Wspólnotowy Serwis Informacyjny Badan i Rozwoju - CORDIS


VSNS Streszczenie raportu

Project ID: 31971
Źródło dofinansowania: FP6-NMP
Kraj: Spain

Final Report Summary - VSNS (Voltage-Sensitive Plasmon-Resonant Nanoparticles, Novel Nanotransducers of Neuronal Activity)

The VSNS project has made considerable progress in its various fronts over the past 36 months. A range of functionalised nanoparticles (NPs) have been developed as planned, including core-shell (SiO2/Au) structures realised by attachment of 10 nm Au to SiO2 NPs and subsequent cathalytic enlargement. Further, optimal protocols to improve membrane-binding of the NP/NRs and to preclude internalisation using CTAB were developed. As an alternative to binding the nanosensors directly to the membrane, protocols for electropolimerisation-based substrate attachment have been optimised. To this end thioaniline-functionalised Au NPs were electropolymerised and zwitterionic ligands were used to bind and sense amino-acids (specifically, the neurotransmitter glutamate). A method to imprint specific molecular recognition sites, again with emphasis in neurotransmitter detection as indicator of neuronal activity, was also developed. Electropolymerisation was performed in the presence of the target neurotransimtter resulting in specific sensors of L-glutamic acid or D-glutamic acid.

Further work has been performed on single-nanoparticle spectroscopy to gain insight on the fundamental processes leading to changes in membrane-bound Nanoparticle plasmon resonance (NPPR) of relevance to the measurement of membrane potential. Three distinct voltage / electric field ranges could be identified where the plasmon reacts differently, possibly due to three completely different physico-chemical processes: a 'classical' capacitor charging region in which the changes in spectra are due to changes of electron density, a non-linear spectral shift region and an oxidation region resulting in hystheresis. These results have opened a plethora of new applications for the NP/NRs used in the project, including the use of second harmonic generation in NP-based biosensing but also in optoelectronics.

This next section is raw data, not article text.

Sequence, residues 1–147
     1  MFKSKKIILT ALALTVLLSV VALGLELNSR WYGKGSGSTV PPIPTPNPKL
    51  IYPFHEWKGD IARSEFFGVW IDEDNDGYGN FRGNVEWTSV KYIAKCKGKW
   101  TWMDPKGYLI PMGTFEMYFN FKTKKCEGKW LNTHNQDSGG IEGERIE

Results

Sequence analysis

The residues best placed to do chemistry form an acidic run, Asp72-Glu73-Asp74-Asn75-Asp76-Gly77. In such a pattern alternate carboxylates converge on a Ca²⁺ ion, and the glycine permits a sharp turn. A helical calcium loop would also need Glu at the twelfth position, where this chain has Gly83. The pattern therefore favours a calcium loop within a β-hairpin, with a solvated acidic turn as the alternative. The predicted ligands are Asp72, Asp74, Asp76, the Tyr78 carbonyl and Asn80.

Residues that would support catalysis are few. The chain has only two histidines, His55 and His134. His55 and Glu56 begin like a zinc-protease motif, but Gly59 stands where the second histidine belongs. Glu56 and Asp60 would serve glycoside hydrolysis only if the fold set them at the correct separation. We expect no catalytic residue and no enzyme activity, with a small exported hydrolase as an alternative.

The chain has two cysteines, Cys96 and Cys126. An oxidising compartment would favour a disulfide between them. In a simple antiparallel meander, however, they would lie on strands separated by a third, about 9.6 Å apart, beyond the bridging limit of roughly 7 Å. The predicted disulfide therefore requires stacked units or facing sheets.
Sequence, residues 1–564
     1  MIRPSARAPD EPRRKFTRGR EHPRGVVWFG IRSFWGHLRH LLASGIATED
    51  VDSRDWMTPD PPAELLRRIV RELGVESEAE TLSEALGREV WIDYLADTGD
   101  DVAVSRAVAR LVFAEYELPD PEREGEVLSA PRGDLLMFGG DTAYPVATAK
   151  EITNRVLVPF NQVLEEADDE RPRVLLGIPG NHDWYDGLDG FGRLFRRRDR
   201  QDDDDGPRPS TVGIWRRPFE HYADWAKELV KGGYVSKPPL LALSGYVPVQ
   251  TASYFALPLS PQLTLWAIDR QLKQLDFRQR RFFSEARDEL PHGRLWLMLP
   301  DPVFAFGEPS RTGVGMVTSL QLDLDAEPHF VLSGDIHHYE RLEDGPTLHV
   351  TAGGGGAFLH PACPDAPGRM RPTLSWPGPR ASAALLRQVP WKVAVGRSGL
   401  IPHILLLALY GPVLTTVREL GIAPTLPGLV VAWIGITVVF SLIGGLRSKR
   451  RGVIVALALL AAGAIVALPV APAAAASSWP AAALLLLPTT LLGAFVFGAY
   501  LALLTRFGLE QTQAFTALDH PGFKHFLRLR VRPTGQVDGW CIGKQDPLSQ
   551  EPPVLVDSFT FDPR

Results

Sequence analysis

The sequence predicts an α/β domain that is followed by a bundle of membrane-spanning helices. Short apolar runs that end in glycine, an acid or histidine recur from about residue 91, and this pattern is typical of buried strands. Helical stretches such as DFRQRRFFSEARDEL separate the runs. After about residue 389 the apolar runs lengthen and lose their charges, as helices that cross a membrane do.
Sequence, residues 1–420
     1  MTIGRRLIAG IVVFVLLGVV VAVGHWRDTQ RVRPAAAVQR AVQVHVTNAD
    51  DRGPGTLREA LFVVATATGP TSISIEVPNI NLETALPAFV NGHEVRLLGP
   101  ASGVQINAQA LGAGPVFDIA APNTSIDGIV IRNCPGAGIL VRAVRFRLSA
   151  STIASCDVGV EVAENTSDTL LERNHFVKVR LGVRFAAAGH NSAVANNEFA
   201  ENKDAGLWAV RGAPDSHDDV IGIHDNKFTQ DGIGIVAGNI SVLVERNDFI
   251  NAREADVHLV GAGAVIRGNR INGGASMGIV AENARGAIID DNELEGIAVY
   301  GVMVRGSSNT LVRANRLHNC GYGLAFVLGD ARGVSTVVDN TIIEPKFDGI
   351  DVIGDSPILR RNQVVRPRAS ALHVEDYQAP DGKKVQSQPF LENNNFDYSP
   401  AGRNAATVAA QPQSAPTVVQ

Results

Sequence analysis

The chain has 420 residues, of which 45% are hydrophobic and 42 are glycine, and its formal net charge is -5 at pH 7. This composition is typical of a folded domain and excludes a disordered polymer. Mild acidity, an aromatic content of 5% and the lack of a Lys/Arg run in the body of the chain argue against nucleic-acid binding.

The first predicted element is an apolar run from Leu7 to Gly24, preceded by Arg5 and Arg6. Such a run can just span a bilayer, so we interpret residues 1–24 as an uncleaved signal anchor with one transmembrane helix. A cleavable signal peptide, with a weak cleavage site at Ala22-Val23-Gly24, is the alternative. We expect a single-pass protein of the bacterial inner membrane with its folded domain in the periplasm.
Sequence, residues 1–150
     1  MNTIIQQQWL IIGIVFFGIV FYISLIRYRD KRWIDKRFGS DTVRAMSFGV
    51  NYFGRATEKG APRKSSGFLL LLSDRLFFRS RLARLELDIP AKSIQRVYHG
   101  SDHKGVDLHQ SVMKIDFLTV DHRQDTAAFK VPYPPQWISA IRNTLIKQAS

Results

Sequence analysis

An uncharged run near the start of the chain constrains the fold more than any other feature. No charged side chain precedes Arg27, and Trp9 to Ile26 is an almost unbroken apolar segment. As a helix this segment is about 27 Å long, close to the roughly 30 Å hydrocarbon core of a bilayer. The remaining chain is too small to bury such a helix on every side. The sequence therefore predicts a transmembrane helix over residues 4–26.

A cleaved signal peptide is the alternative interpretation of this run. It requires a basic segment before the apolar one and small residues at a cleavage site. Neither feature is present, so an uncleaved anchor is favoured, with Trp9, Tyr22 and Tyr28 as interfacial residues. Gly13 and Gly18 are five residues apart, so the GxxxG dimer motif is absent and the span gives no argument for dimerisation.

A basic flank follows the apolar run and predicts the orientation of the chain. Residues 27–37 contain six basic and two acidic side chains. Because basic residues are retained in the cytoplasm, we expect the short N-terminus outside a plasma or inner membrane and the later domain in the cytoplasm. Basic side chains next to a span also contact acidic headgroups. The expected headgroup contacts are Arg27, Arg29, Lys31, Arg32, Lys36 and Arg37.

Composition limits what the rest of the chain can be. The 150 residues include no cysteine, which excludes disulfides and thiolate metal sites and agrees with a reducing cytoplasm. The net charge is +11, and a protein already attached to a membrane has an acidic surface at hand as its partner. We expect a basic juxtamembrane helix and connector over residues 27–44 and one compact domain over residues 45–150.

Work on dual optical / electrical measurements on cultured neurons and slices has made substantial progress. Firstly, the E-squared (E2) technology was developed to achieve dual optical and electrical recordings from identified axon bundles. This technology was patented and a spin-off launched. Toxicity of the nanorods was then evaluated as low and dual electrical / optical measurements with them were attempted. A major effort focussed on avoiding aggregation and attachment to the cellular membrane. Good results were eventually obtained using CTAB capping layers. Initial results showed poor signal-to-noise ratios in scattering and cross-polarised modes. Non-linear properties of NPs, a high-impact result of the project, prompted interest in second-harmonic generation as an approach to achieve higher signal-to-noise ratios. First experiments with fluorophore-stained neurons under extracellular stimulation showed large SHG changes correlated with electrical stimulation. Future work will address the enhancement of this effect by means of the NP developed in the project.

Regarding instrumentation, dark-field microscopy was complemented with Thermal lensing microscopy (TLM) and a phase-sensitive setup has been put in place to test this approach. In principle TLM should be particularly suited for highly scattering preparations, such as slices. Simulations have also been carried out to study the effect of the applied voltage on the resonance spectrum of the NPs under test. Further, work package 6 has produced a prototype amplifier with sync inputs in order to correlate multichannel electrophysiology and optical traces using randomly plated neurons, as opposed to identified axon bundles in the E2 technology.

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